There were two program time slots this afternoon. In the first time slot I attended a very interesting program presented by Judy G. Russell known as The Legal Genealogist. Her talk about was Advanced U.S. Census Research. She went decade by decade through the U.S. federal census records and explained the unique information that could be found in each census. She also discussed the specialized federal census schedules such as the agricultural schedule, mortality schedule and manufacturing schedule. A very detailed handout of the talk was included in the syllabus.

The second presentation I attended was an interview with Jackie Graziano of the Westchester Archives. It was a very informative session and very helpful to anyone wanting to pursue research in Westchester County. Jackie discussed the types of collections held at the archives and pointed out that the Westchester County Historical Society is also located in the same building. She talked about some of the highlights of the collections, some items which go back to the 1600s. The archives website was discussed and she mentioned indexes that are available online as well as the digital collections available through the website. A brochure detailing collections at the archive was handed out before the program.

Friday will be a full day with conference sessions running from 9:45 a.m. to 6 p.m.

Family History Library to offer several free webinars in September

The Family History Library in Salt Lake City will present several free webinars in September. All times listed are Eastern Time.

Thursday, Sept. 6 – 3 p.m. – German Civil Registration

Thursday, Sept. 13 – 3 p.m. – U.S. Research; Mid-Atlantic

Thursday, Sept. 20 – 3 p.m. – England and Wales Civil Registration

Friday, Sept. 21 – 1:30 p.m. – Finding Your Hispanic Ancestors on

To attend any of these webinars, go to: and click on the appropriate date.

Registration deadline for NYS Family History Conference is August 31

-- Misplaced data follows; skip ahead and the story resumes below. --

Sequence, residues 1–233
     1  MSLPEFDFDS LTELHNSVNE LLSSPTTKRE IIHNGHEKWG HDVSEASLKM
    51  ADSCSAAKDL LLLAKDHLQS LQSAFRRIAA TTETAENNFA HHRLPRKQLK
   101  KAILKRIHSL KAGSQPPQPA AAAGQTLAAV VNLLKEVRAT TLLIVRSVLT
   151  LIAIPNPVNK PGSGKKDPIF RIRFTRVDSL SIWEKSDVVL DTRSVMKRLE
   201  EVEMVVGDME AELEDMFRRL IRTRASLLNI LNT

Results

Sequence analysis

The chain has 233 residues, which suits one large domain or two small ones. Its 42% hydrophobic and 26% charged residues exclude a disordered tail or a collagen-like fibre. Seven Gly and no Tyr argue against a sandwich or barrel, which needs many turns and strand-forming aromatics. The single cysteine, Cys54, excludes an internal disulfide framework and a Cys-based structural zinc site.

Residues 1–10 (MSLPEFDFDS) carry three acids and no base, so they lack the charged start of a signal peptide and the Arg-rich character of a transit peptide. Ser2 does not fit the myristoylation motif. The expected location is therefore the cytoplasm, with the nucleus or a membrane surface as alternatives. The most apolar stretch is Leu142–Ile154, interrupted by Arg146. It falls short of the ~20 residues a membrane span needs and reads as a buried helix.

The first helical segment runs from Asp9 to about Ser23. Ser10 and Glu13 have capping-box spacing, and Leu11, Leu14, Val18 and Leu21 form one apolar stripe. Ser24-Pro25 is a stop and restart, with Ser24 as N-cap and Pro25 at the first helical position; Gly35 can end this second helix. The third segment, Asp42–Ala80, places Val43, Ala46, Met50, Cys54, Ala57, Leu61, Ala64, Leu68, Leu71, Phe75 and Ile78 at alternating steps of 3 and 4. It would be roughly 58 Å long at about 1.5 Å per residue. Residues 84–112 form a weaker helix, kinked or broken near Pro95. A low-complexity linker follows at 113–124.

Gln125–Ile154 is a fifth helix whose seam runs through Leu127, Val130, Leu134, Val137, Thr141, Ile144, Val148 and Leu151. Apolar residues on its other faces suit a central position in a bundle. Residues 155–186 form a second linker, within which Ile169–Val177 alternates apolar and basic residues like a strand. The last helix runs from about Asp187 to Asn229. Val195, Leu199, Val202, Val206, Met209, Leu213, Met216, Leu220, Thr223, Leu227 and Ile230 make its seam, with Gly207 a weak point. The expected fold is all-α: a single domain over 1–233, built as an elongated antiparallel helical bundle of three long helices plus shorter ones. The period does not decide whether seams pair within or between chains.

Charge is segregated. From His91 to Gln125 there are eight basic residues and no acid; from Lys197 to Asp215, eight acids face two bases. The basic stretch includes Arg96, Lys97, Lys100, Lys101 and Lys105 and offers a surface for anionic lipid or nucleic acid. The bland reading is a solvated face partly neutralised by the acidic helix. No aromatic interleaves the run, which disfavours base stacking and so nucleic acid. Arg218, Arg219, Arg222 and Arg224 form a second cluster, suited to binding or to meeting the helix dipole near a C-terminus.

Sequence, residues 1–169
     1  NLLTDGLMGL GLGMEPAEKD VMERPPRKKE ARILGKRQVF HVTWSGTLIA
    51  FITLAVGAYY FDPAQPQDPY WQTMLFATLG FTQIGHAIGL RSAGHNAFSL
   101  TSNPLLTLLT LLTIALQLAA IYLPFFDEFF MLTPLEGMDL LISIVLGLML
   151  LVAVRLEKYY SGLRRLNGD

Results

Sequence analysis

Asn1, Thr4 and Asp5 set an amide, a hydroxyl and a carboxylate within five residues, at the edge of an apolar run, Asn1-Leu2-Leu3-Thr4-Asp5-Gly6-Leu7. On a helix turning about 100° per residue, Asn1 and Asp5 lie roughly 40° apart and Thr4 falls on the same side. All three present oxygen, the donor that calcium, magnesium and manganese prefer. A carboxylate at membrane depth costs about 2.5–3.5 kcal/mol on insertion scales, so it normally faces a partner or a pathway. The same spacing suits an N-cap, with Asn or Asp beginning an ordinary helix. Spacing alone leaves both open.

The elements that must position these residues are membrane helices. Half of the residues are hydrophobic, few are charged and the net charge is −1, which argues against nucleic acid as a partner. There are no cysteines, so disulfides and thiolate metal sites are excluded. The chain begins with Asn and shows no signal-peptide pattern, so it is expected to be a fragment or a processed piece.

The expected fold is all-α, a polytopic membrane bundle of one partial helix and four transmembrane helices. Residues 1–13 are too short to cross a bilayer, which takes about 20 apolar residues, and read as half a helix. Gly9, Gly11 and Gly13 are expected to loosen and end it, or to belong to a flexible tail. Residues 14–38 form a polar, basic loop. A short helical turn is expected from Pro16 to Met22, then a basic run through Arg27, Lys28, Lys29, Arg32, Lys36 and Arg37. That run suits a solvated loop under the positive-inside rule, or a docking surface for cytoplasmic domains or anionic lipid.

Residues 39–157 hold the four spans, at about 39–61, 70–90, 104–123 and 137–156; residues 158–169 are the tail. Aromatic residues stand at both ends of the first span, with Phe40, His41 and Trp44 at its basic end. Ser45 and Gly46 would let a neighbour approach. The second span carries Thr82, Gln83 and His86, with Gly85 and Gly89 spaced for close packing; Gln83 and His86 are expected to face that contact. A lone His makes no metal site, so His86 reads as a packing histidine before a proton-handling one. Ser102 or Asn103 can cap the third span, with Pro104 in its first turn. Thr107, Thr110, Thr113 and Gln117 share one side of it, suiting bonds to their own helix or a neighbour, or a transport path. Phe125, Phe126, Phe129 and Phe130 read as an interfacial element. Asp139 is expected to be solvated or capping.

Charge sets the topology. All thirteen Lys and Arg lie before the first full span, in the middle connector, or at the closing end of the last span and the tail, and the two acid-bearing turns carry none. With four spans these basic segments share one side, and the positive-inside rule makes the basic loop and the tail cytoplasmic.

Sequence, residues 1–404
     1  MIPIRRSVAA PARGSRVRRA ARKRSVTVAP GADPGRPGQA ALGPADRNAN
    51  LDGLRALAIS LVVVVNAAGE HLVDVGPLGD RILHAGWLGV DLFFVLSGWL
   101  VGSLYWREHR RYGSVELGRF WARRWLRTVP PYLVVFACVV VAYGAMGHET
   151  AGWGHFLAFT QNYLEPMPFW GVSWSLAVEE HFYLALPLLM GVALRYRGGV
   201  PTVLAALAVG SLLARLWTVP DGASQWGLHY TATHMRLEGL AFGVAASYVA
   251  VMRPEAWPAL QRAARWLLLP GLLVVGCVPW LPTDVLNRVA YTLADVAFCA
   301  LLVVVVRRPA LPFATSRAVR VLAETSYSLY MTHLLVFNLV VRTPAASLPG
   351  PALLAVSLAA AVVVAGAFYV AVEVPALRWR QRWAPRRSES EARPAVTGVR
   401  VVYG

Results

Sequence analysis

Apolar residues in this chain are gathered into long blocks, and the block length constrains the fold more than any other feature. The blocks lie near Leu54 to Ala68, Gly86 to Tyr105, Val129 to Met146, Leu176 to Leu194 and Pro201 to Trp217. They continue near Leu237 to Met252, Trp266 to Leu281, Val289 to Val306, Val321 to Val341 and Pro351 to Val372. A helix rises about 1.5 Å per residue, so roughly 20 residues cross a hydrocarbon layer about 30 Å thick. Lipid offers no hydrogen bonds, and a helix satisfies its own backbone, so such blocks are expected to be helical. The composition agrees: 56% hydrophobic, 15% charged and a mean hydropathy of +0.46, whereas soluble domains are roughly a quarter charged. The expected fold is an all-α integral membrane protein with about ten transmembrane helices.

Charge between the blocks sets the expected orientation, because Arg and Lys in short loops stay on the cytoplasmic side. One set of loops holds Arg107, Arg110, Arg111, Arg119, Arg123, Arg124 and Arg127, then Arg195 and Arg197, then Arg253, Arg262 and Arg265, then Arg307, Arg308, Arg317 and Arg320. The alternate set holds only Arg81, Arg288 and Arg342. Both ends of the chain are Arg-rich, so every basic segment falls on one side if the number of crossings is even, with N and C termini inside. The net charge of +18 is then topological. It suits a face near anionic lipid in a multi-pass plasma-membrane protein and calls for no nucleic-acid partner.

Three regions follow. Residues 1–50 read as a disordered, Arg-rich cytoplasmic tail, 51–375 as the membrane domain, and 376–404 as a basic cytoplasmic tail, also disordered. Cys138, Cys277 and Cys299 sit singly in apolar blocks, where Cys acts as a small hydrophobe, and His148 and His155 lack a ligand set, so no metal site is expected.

Registration will close on August 31 for the New York State Family History Conference scheduled for Sept. 13-15, 2018 in Tarrytown, NY at the DoubleTree Hotel.

There will be 2 1/2 days of lectures, workshops, field trips and an exhibit hall.

The registration rate is $195 for members of the New York Genealogical and Biographical Society and Central New York Genealogical Society and $215 for non-members. Your paid registration automatically gives you $10 worth of Conference Notes, redeemable within the exhibit hall.

If you can only attend on Saturday, the cost is $99 for members of the New York G & B and $129 for non-members.

New this year will be a Family History Jumpstart Day aimed at participants who are beginning genealogy and without conference experience. It will take place on Sept. 15.

To register for the conference, has New York State birth index available online

The New York State Birth Index is now available for searching on The index covers the years 1881-1942.

It is name searchable and you can see the images of the actual index pages. An index entry states the name of the person, date and place of event, and State certificate number. The state certificate number is only used if you are requesting a copy of a record from the Department of Health in Albany. It is quicker to request a copy of a birth certificate from a local agency such as Town Halls or Village Halls.

This index does not cover all of New York State. It does not cover New York City boroughs except for the following situations:
*Former towns of Kings County (Brooklyn) prior to their annexation by the City of Brooklyn in the 1880s and ’90s;
*Portions of Westchester County prior to their annexation by New York City in 1895;
*Richmond County (Staten Island) and western Queens County prior to their incorporation into the City of New York on January 1, 1898.

Prior to this index being available online, it was only accessible by using microfiche cards at 11 repositories in New York State. The microfiche cards end in 1937.

You can search free of charge at public libraries that subscribe to Library Edition. Check with your local library to see if they have this database.